If I have already started Google Chrome, then start it again, the window is not maximized; I have to click to maximize it.
Are there any hidden parameters to set Google Chrome to always start in a maximized window? (not full screen - F11)
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Extending the solution said by Yab as follows:
Rename the first instance to something else e.g. wmctrl -r "New Tab - Google Chrome" -T "test"
Now maximize the second instance as:
wmctrl -r "New Tab - Google Chrome" -b add,maximized_vert,maximized_horz
These two commands will maximize the second instance of Google Chrome.
If you want, you can put this in a script to call the second instance.
Edit: It has been pointed out that the following parameter is no longer supported by current versions of Chrome. I'll see if I can find some time to revisit this shortly.
Google Chrome accepts the command-line parameter
--start-maximized, which will force Chrome to start in a maximized state.
Simply modify the shortcut you use to launch Chrome to include this flag, or simply alias
chrome --start-maximized. I've tested this in both Chrome and Chromium under Windows and Linux, and it seems to work just fine.
Sometimes the window state fails to save your last setting due to lack of permissions and therefore keeps opening in the non-maximized mode. You can perform the following to change the owner:group back to yourself for the files:
sudo chown youracct:youracct ~/.config/google-chrome/Local\ State sudo chown youracct:youracct ~/.config/google-chrome/Default/Preferences
By default, Chrome chooses to apply its own window decorations rather than the window manager ones, and accept responsibility for implementing various pieces of logic. It tends to work well enough in Gnome and KDE environments and less well the further you stray from those.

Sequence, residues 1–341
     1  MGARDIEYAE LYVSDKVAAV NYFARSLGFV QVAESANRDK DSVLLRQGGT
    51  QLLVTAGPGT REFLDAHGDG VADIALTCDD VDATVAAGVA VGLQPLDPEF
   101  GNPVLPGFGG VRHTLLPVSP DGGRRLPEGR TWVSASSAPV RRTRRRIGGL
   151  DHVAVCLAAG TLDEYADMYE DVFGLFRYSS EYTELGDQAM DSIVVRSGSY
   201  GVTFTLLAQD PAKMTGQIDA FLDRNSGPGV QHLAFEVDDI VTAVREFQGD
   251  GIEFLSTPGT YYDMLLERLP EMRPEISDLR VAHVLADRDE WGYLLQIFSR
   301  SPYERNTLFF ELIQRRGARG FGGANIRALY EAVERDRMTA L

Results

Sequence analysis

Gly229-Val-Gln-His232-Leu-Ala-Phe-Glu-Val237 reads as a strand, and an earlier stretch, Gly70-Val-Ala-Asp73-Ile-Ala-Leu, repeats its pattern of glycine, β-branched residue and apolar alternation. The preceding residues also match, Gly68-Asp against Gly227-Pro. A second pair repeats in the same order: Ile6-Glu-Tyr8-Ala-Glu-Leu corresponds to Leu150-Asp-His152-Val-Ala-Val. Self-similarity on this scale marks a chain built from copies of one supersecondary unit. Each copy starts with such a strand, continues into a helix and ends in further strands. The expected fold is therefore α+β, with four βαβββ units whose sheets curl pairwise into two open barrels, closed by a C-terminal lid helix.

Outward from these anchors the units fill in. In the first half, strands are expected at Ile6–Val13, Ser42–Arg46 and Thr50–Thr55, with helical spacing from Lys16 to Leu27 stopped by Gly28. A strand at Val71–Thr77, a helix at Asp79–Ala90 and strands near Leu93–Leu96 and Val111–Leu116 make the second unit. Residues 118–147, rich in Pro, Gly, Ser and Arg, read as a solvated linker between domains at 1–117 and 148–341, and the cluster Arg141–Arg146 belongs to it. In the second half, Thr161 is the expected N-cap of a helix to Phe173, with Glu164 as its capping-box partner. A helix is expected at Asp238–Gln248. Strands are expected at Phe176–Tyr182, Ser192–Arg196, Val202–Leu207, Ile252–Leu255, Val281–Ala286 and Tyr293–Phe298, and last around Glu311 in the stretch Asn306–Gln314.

If you right-click in the title-bar area, there's an option to turn on using the system window manager controls. If you do that, Chrome might inter-operate better with your regular window manager and more reliably implement full-screen. Or, it might get worse — it's unfortunately one of those "suck it and see" changes, the success of which varies wildly across both window manager and version of Chrome. I've had it make some things better and some things worse, when I was using
xfwm4, with a later release of Chrome working better with its own window decorations than with the system ones, for my setup.
--start-maximize switch will work if you use a windows manager. X session itself is unaware of window's maximization.
In case you want to save some resources using no windows manager, you could employ xdotool:
xdotool search --onlyvisible --class browser windowsize 100% 100%
Adding an answer for variety, because this thread helped me write a script just now.
Open a google-chrome window. Get it's window id based on window title substring match. (move it to screen 0). Make it fullscreen.
#!/bin/bash google-chrome --new-window --app=https://fragginwithfriends.gameme.com/ sleep 2s wid=$(xdotool search --onlyvisible --name "gameME Stats") xdotool windowmove $wid 0 1080 wmctrl -ir $wid -b add,fullscreen
I think I may have your solution. I was having the same problem and this is how I fixed it. The problem I had was not with Chrome but with Windows 7. The browser was not opening full due to a windows "padding" setting. (it reminded me of a CSS issue)
Try this... I use a tweaker called "ultimate windows tweaker" found here link for examples and DL
But you can change your padding here manually. Instructions
How ever you change it is up to you.
Now make sure you change the padding to "0"
Once that is done you will need to re-make your apps.
Now Try going to GMAIL(or whatever), then tools, create application shortcut, apply to desktop. When you are done there it is the same as before... properties>RUN>Maximized
Good luck I hope this clears up the issue. -Mike